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Minnesota top court finds part of disorderly conduct law unconstitutional

[JURIST] The Minnesota Supreme Court [official website] overruled [opinion, PDF] part of a state disorderly conduct statute on Wednesday, saying that it violated the First Amendment because it is "overbroad." Minnesota Statues 609.72, subd. 1(2) [statute] makes it a crime for a person to disrupt a legally held assembly. The case was brought after defendant Robin Lyne Hensel appealed her conviction under the statute after she had silently protested at a City Council meeting and refused to leave when asked. The majority wrote, "Due to the countless ways in which [the statute] can prohibit and chill protected expression, we conclude that the statute facially violates the First Amendment's overbreadth doctrine." The dissent, agreeing with the state, wrote that the statute could be narrowly construed to prohibit only conduct not protected by the First Amendment.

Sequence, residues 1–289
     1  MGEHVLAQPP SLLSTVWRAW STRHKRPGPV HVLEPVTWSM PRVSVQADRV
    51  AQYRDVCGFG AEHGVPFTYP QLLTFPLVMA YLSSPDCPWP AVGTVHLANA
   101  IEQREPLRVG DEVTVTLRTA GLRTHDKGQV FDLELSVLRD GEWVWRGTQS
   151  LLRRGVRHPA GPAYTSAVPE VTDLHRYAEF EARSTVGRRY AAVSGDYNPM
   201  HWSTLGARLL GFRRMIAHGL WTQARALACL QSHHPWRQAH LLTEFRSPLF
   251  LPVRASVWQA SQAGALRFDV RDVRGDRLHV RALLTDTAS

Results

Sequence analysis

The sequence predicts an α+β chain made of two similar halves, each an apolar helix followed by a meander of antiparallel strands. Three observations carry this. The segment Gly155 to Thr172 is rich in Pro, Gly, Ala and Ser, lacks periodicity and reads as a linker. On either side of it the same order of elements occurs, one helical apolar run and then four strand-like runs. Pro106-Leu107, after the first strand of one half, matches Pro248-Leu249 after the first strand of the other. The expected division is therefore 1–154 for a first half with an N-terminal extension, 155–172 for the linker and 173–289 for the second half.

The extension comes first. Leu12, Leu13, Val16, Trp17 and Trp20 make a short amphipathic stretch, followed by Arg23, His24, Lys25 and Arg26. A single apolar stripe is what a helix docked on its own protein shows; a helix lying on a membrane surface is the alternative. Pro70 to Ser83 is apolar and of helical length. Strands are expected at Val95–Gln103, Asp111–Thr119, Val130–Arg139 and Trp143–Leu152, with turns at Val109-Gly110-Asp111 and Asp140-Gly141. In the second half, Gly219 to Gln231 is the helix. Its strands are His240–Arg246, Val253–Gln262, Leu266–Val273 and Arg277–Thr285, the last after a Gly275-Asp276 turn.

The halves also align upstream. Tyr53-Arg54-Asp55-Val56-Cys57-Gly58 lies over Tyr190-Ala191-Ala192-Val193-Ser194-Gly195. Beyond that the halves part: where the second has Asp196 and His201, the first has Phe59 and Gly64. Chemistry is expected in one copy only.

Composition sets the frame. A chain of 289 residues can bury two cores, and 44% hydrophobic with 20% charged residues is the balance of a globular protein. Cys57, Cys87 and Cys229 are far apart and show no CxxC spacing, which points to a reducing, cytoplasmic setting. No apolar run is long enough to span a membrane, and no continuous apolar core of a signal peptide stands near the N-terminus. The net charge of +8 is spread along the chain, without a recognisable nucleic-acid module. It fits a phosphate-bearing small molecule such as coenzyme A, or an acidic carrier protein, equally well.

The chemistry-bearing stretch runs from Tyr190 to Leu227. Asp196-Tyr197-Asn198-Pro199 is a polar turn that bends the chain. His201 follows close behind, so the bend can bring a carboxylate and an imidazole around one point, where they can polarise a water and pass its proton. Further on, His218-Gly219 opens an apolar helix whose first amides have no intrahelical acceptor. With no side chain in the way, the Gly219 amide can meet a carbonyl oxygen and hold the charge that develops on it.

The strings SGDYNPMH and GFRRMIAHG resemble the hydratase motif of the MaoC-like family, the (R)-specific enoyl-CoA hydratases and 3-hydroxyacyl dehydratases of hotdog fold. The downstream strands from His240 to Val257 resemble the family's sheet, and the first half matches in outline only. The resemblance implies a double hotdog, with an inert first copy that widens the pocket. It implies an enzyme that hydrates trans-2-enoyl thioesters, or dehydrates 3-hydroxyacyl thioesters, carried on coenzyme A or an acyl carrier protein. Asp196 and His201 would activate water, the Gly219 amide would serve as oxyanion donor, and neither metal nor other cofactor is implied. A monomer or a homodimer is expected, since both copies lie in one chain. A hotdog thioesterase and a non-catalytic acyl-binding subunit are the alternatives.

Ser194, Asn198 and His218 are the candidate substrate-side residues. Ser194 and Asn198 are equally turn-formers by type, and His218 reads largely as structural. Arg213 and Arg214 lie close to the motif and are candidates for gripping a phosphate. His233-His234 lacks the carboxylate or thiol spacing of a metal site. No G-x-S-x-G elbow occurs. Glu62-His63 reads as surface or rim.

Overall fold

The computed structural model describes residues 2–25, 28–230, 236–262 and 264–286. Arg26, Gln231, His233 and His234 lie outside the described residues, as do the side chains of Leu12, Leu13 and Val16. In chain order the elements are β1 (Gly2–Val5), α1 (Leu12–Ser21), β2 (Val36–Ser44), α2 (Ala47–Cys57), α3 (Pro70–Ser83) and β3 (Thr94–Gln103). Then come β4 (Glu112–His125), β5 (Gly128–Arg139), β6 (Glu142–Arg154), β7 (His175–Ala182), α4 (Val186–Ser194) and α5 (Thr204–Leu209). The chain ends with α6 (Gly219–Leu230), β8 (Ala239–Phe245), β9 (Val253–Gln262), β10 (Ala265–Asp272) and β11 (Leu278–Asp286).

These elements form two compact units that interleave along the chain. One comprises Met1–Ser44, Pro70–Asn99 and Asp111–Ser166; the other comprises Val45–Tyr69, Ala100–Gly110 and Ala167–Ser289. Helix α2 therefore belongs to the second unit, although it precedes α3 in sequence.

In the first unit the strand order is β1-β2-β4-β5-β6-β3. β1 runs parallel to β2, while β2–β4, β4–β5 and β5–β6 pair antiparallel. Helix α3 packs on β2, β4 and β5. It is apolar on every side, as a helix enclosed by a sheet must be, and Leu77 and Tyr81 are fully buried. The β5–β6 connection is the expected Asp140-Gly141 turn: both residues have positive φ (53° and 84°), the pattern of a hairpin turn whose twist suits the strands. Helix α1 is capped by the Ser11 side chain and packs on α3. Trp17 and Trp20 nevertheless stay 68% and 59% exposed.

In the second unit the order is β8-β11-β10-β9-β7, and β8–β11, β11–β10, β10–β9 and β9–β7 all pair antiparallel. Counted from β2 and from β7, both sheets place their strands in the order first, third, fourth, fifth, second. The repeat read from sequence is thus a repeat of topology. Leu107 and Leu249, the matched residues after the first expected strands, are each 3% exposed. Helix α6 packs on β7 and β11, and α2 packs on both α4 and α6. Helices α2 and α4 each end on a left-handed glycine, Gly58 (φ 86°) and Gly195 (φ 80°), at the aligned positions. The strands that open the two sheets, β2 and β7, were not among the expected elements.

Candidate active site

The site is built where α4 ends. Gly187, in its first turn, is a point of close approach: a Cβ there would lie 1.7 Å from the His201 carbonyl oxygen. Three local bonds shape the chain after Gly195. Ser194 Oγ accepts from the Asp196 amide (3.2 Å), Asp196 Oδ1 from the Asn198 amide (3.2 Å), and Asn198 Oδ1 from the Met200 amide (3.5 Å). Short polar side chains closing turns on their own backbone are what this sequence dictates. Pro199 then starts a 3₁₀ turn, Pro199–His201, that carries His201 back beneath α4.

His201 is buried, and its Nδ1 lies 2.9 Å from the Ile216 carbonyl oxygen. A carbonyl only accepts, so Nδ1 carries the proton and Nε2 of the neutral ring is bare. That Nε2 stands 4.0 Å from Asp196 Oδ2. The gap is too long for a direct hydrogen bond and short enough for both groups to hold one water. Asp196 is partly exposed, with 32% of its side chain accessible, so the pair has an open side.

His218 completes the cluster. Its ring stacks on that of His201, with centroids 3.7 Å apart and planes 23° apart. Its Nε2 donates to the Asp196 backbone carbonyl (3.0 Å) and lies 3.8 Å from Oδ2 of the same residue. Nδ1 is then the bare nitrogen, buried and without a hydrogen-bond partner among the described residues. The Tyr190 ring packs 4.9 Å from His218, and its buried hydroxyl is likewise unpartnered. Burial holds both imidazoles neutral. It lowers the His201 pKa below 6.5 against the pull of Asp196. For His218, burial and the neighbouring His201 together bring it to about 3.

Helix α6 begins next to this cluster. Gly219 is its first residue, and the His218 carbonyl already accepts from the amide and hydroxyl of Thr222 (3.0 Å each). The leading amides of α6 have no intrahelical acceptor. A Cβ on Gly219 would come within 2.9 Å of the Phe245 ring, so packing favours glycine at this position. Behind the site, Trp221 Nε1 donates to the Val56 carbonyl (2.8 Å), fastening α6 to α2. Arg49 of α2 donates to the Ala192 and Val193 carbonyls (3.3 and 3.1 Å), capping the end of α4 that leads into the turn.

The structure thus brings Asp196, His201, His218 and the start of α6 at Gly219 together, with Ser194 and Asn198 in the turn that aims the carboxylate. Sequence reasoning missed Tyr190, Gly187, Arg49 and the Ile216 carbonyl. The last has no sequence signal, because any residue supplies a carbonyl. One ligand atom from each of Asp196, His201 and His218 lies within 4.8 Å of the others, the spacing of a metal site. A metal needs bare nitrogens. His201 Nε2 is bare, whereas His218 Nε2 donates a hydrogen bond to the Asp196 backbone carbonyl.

The First Amendment protection of free speech is one of the most highly adjudicated constitutional rights. Earlier this month the Department of Justice urged [JURIST report] the Supreme Court to rule in favor of the baker in a same-sex wedding cake case, evoking the First Amendment. Also in September a federal appeals court ruled [JURIST report] that a Wyoming data-trespassing law was subject to the First Amendment. In August two civil rights groups filed [JURIST report] lawsuits against President Donald Trump's transgender military ban, claiming in part that the ban violated their right to free speech. In November a Pennsylvania court found [JURIST report] that a law not allowing out-of-county poll watchers did not violate free speech.

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